My Life With Horses

My Life With Horses

Before I knew there were men
I galloped a pony bareback.
It was a hard winter, but
how sure-footed we were, resolute
in frozen emptiness, stamping
the ice with our names.

Years later I lay like a foal in the grass,
wanting to touch your hair.
We clutched like shadows,
I twined the past through my fingers, kissing
great gulps of father, of mother,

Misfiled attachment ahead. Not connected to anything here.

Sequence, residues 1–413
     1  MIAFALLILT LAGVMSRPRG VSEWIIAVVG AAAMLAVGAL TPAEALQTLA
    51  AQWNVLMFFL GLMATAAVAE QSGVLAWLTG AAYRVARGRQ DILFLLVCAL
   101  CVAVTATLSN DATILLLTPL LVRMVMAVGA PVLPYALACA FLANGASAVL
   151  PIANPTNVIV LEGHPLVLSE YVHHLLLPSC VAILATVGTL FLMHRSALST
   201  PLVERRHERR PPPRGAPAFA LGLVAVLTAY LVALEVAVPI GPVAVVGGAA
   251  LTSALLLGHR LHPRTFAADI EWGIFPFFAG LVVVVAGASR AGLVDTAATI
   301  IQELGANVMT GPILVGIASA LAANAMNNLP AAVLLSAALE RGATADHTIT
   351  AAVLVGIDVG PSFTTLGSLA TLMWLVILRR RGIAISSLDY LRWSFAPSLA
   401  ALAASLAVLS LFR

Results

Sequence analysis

galloping with nothing to stop me.

Now in the evening I put on my dress
like a secret; will you see
how my elbow pokes like a hock,
the way I have carefully cut my mane,
the way my eyes roll from fear of you?
I’m trying to hide the animal I am;

and you give me a necklace,
bright as a bit, and you’re stamping your name
into the earth, and my arm
is around you, weak as a halter,
and nothing can stop me, no mother or father.


from Kiss (Bloodaxe Books, 2000), © Polly Clark 2000, used by permission of the author and the publisher

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